The Estonian legal framework for insolvency envisages two options: liquidation or reorganisation. A debtor may file for both liquidation and reorganisation while a creditor for liquidation only.
The reorganisation act regulates the reorganisation proceedings for enterprises aiming at protecting the interest and the rights of the creditors of the company and of third parties in the course enterprise's reorganisation.
Reorganisation can occur if:
- the company is likely to become insolvent in the future;
- the enterprise requires reorganisation;
- the sustainable management of the enterprise is likely after the reorganisation.
The court shall commence reorganisation proceedings by a ruling within seven days after the receipt of the reorganisation application. The ruling must contain:
- information on the person who has been designated as a reorganisation adviser;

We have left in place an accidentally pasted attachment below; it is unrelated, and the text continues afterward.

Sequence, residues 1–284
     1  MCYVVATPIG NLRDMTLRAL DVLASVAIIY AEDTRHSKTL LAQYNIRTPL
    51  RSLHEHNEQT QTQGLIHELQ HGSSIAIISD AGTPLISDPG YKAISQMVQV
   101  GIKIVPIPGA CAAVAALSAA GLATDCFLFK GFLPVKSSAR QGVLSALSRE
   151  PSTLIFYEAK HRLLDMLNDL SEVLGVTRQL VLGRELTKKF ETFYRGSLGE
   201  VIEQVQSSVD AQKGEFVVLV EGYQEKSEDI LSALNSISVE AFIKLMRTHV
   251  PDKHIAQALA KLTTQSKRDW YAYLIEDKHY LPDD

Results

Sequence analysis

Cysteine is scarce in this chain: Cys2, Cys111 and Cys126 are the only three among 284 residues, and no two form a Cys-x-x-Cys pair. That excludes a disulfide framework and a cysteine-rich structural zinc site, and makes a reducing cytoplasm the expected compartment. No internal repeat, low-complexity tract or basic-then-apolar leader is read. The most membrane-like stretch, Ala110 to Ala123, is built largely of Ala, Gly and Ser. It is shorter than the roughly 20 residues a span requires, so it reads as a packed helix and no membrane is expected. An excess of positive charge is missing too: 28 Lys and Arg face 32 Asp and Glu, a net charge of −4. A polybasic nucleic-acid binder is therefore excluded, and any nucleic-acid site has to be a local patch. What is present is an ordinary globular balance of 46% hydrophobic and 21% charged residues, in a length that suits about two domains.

- the deadline for the acceptance of the reorganisation plan;
- the deadline by which the reorganisation plan must be submitted to the court for approval;
- the amount which the company must pay to cover the remuneration of and expenses relating to the reorganisation adviser as a deposit to the account prescribed for that purpose;
- the date by which the company must pay the amount specified in clause 4).
The court also appoints a reorganisation adviser. The duty of a reorganisation adviser is to inform the obligees and the court of the economic situation and reorganisation possibilities of the enterprise in an impartial and competent manner, to advise and assist the company in the course of reorganisation proceedings and to verify the lawfulness of the claims of the creditors and the purposefulness of the transactions of the company.
Reorganisation proceedings stop upon revocation of the reorganisation plan, implementation of the reorganisation plan before the due date or upon expiry of the term for implementation of the reorganisation plan which is set out in the reorganisation plan.
In 2020, 341 companies went bankrupt (0.15% of all the registered companies), and in 2019 the number was 271. 273 companies went bankrupt in 2018, of which 260 were private companies and 13 were joint-stock corporations. In 2017, 343 businesses filed for insolvency.
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Involved actors other than national government